Here is an interesting observation from the Journal of Applied Social Psychology, The Scientific Impotence Excuse by G. Munro. I would give the link but it no longer works for me and so I don’t feel comfortable giving it as a hyperlink.
The scientific impotence discounting hypothesis predicts that people resist belief-disconfirming scientific evidence by concluding that the topic of study is not amenable to scientific investigation. In 2 studies, participants read a series of brief abstracts that either confirmed or disconfirmed their existing beliefs about a stereotype associated with homosexuality. Relative to those reading belief-confirming evidence, participants reading belief-disconfirming evidence indicated more belief that the topic could not be studied scientifically and more belief that a series of other unrelated topics could not be studied scientifically. Thus, being presented with belief-disconfirming scientific evidence may lead to an erosion of belief in the efficacy of scientific methods.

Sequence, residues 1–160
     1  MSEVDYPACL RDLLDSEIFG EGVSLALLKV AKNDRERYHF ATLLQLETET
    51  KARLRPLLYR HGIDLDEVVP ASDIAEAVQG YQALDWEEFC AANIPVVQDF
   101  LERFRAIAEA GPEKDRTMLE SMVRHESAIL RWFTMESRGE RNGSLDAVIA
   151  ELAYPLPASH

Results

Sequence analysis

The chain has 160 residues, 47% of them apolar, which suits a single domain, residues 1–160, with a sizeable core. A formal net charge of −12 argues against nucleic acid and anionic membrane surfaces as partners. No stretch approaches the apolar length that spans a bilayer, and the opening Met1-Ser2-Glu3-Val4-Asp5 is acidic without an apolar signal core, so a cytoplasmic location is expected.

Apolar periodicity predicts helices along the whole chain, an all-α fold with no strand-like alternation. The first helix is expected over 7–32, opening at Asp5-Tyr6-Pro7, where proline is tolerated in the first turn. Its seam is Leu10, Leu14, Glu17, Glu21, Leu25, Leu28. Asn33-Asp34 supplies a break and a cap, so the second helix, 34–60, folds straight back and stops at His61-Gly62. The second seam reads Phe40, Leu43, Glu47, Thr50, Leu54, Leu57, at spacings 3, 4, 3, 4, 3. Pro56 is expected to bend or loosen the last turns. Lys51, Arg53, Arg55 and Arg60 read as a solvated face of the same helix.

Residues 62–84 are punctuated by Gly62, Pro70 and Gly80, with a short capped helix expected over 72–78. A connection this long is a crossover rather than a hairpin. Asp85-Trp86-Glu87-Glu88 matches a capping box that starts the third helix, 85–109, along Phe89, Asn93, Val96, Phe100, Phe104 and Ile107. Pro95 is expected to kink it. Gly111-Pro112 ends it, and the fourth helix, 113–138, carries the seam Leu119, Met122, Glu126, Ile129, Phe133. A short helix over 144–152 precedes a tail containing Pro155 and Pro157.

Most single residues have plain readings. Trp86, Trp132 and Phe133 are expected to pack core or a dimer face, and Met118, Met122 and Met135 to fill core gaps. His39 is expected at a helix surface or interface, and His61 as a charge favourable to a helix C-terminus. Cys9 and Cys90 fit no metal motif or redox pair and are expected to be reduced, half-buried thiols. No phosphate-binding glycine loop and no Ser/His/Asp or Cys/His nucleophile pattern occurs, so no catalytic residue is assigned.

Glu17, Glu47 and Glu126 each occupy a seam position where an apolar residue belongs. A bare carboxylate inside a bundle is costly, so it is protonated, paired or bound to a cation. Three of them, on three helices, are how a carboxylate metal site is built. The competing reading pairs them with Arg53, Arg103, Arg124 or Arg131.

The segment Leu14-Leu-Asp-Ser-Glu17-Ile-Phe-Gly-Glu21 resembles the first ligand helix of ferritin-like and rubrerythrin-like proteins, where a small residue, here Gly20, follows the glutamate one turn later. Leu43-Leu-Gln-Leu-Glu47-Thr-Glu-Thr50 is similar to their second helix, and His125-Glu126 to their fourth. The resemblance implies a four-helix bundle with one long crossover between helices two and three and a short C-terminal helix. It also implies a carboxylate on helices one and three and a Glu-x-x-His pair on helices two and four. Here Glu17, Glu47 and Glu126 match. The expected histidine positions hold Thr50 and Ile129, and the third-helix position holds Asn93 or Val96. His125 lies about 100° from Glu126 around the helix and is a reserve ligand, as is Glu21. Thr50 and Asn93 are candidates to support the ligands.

This may explain the number of people who profess to wanting the nature of consciousness clarified but who do not believe that neuroscience is a method for getting understanding.
When there is no real evidence, theories can ‘free wheel’. A theory can become elaborate and generally accepted with negligible evidence; some devote their lives to teaching and improving the theory. Then some evidence comes along that does not fit with the theory. Small amounts of counter evidence may be ignored but when it comes thick and fast, many seem to close their minds, not just to individual pieces of evidence but to the whole idea that there is or should be evidence.